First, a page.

It would be a lie, a certain and death-defying lie, to tell you that I did not fear for my immediate future.  There is no hope in munitions, helped either in its aim by the barrel of a gun or of a bomb held securely in the bay of distant plane.  In that sense, they both share the same problem in that they only kill and main and alienate – they do not heal, they do not bring together the families of those that are at war with each other.

The news is the same the world over, each country fighting its own personal war against the populace.  I pray for you my brother, as I shall pray for your family as you pray for mine.  May we find each other again in a garden of peace.

Yours sincerely,

Abdulrahman M.

Disparate Reactions to the Loss of Life

Following the tragic recent mass murder of school kids and teaching staff in America, there has been a small flurry of essays and articles detailing the media reaction to mass murder in comparison to the on-going war on terror, particularly mentioning drone strikes and their impacts on Muslim countries.  For me personally this is a conflicting emotion, as these subjects are so often split into a dichotomy between left and right, republican and democrat, right and wrong etc.  Often the vitriol that spits up on both sides from arguments demeans the complex and thoughtful points made by both sides.

However, there are articles that are worth reading as they often highlight the nuances in how different cultures and societies react to death, both near and far away.  In particular there is a strong and emotive essay on differences in cultural/societal perceptions on the deaths of children in different countries, wrote by Glenn Greenwald in a  recent article for the Guardian newspaper.  Equally eloquent is George Monboit’s article in the same paper, entitled ‘In the US, mass child killings are tragedies.  In Pakistan, mere bugsplats‘, the bug splats being the nickname of the victims of drone victims.  Of course it could be argued that the very title of Monboit’s article incites liberal froth, but the details do make for disturbing reading regarding the actions, and outcomes, of US drone attacks in countries such as Yemen, Pakistan, Afghanistan and elsewhere.  It often seems they enter into a very grey are legally.  As he goes on to say “Obama’s administration neither documents nor acknowledges the civilian casualties of the CIA’s drone strikes in north-west Pakistan. But a report by the law schools at Stanford and New York universities suggests that during the first three years of his time in office, the 259 strikes for which he is ultimately responsible killed between 297 and 569 civilians, of whom at least 64 were children”.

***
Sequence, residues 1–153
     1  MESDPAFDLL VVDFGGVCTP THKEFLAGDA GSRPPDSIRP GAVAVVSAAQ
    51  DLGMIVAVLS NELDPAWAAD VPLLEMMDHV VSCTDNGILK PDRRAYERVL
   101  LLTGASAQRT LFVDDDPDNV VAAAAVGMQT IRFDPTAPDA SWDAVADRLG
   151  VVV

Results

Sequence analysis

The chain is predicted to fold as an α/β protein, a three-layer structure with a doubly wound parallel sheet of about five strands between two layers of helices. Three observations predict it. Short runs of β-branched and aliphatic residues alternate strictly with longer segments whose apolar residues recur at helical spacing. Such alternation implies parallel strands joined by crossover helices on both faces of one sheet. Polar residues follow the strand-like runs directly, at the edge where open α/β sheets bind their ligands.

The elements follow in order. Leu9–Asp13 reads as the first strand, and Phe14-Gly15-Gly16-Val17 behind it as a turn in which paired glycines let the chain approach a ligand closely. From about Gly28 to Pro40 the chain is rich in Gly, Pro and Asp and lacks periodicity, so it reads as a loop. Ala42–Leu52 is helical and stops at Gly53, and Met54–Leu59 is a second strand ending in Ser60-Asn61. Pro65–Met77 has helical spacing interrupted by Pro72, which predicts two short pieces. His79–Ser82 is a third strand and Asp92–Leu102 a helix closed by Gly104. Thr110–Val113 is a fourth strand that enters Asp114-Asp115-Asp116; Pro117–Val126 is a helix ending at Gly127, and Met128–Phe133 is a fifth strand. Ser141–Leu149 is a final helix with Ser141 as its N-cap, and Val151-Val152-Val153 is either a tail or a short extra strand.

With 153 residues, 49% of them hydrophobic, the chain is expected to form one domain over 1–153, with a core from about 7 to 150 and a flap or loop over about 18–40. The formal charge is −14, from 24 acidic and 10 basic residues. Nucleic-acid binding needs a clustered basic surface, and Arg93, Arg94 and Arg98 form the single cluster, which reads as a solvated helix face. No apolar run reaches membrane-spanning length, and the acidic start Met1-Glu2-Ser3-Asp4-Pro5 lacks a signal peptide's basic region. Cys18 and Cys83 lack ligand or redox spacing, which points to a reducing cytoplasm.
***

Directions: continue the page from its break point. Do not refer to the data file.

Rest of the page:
As Greenwald concludes he states that “As Monbiot observed: “there can scarcely be a person on earth with access to the media who is untouched by the grief of the people” in Newtown. The exact opposite is true for the children and their families continuously killed in the Muslim world by the US government: huge numbers of people, particularly in the countries responsible, remain completely untouched by the grief that is caused in those places. That is by design – to ensure that opposition is muted – and it is brutally effective”.  We must state here that this in no way belittles the families and friends affected by the Newtown tragedy, it is a clearly heart wrenching and heinous act, and one that hopefully may never happen again.

The tragedy is not seeing the people on screens in the drone control centres as humans, as much as part of humanity as each and every child is throughout the world.  Dehumanisation is an essential part of war, and in the effort to kill the opponent and to view those oppressors of the state as less then human in mass media helps to sanction untold drone attacks on victims up and down the Muslim world, and never to mention the victims, to never put a name to those that have died or to why they have died.  Unfortunately governments across the world will engage in amoral and stupefying actions, designed not just to silence an enemy, but to  make them disappear as if they never existed.